So if the Russian American Company library in Sitka, Alaska had the same number of books - about 1200 to 1300? - from 1803 to 1867 it would have been the largest library for thousands of miles around for many years.
The Library Company of Philadelphia's library, about 2,881 miles from Sitka, acquired the Loganian Library of 2,600 books in 1792, and thus was already larger than the Sitka Library in 1803.
Washington DC is only 2,871 miles from Sitka. The Library of Congress might have already been larger than the Sitka library when it was burned in 1814 by the British. The Library of Congress began to be reassembled in 1815, and Thomas Jefferson's entire personal collection of 6,487 books was purchased.
And Jefferson's home in Montecello was only 2,854 miles from Sitka, Alaska, so he was likely to have had a larger library than the Sitka one a Montecello for some of the years after 1803, though he may have kept some or all of the books at the White House in 1801-1809.
New Orleans, Louisiana, is 2,861 miles from Sitka, Alaska, and it's population grew from 8,500 in 1805 to 102,000 in 1840. The first college in New Orleans was founded in 1834, and I am sure that there were a few libraries with over 1,200 books in New Orleans by 1867.
What is now Moravian College, Bethlehem, PA, 2,841 miles from Sitka, was founded as a female seminary in 1742. It is possible that it might have had a library of more than 1,200 books by 1803.
Lancaster, Pennsylvania, is 2,837 miles from Sitka, and had a rapidly growing population of thousands by 1801. The first college in Lancaster was founded in 1787. Lancaster was the capital of Pennsylvania from 1799 to 1812. Thus it should have had one or more libraries with at least 1,200 books by 1867.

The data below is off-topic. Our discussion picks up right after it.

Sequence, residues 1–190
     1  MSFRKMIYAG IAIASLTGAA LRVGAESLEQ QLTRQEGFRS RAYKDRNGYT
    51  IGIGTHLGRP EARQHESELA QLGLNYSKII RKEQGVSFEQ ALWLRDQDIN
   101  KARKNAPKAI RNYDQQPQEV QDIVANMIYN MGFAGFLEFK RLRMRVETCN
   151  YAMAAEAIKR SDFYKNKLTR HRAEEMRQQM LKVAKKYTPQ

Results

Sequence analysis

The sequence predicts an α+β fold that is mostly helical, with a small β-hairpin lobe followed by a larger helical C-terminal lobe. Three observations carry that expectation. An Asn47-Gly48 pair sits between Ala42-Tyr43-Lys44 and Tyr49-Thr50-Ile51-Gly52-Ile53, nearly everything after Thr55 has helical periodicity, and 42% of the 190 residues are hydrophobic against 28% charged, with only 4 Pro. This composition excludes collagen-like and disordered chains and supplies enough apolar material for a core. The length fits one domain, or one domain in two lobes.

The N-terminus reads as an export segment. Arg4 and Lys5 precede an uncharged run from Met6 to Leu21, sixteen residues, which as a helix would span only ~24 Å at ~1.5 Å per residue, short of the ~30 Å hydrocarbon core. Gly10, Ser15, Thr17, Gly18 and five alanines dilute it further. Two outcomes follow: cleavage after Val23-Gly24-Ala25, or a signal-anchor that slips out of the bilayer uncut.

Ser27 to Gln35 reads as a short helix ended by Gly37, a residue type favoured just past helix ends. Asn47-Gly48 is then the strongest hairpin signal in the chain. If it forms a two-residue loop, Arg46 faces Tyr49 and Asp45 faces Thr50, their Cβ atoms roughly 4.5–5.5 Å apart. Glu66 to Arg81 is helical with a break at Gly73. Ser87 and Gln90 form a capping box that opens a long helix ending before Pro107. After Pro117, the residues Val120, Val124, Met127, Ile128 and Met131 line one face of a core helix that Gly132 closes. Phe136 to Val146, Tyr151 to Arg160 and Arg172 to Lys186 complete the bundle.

Pittsburgh, Pa is 2,676 miles from Sitka. Pittsburgh Academy, founded in 1787, became the Western University of Pennsylvania in 1819 and might possibly have had a larger library than Sitka during that period.
Lexington, Kentucky is 2,626 miles from Sitka. Transylvania University was founded in 1780 and moved to Lexington in 1789. It might possibly have had a larger library than Sitka during the period in question.
St. Louis, Missouri, is only 2,386 miles from Sitka, Alaska. The population of St. Louis grew from 1,200 in 1804 to 77,870 in 1850. The first college in St. Louis was founded in 1818. It seems certain there were a few libraries with more than 1,200 books in St. Louis by 1867.
Santa Fe, New Mexico, is only 2,004 miles from Sitka, Alaska and was founded in 1610. But I rather doubt that it would have had a bigger library than Sitka by 1867.
San Francisco, California is only 1,457 miles from Sitka and rapidly expanded into a major city during and after the Gold Rush. Thus it may have had libraries with more than 1,200 books before 1867.
Thus, during the period of 1803 to 1867, the location of the nearest library with more books than the Sitka library probably changed several times as cities closer to Sitka grew and libraries were established closer and closer to Sitka.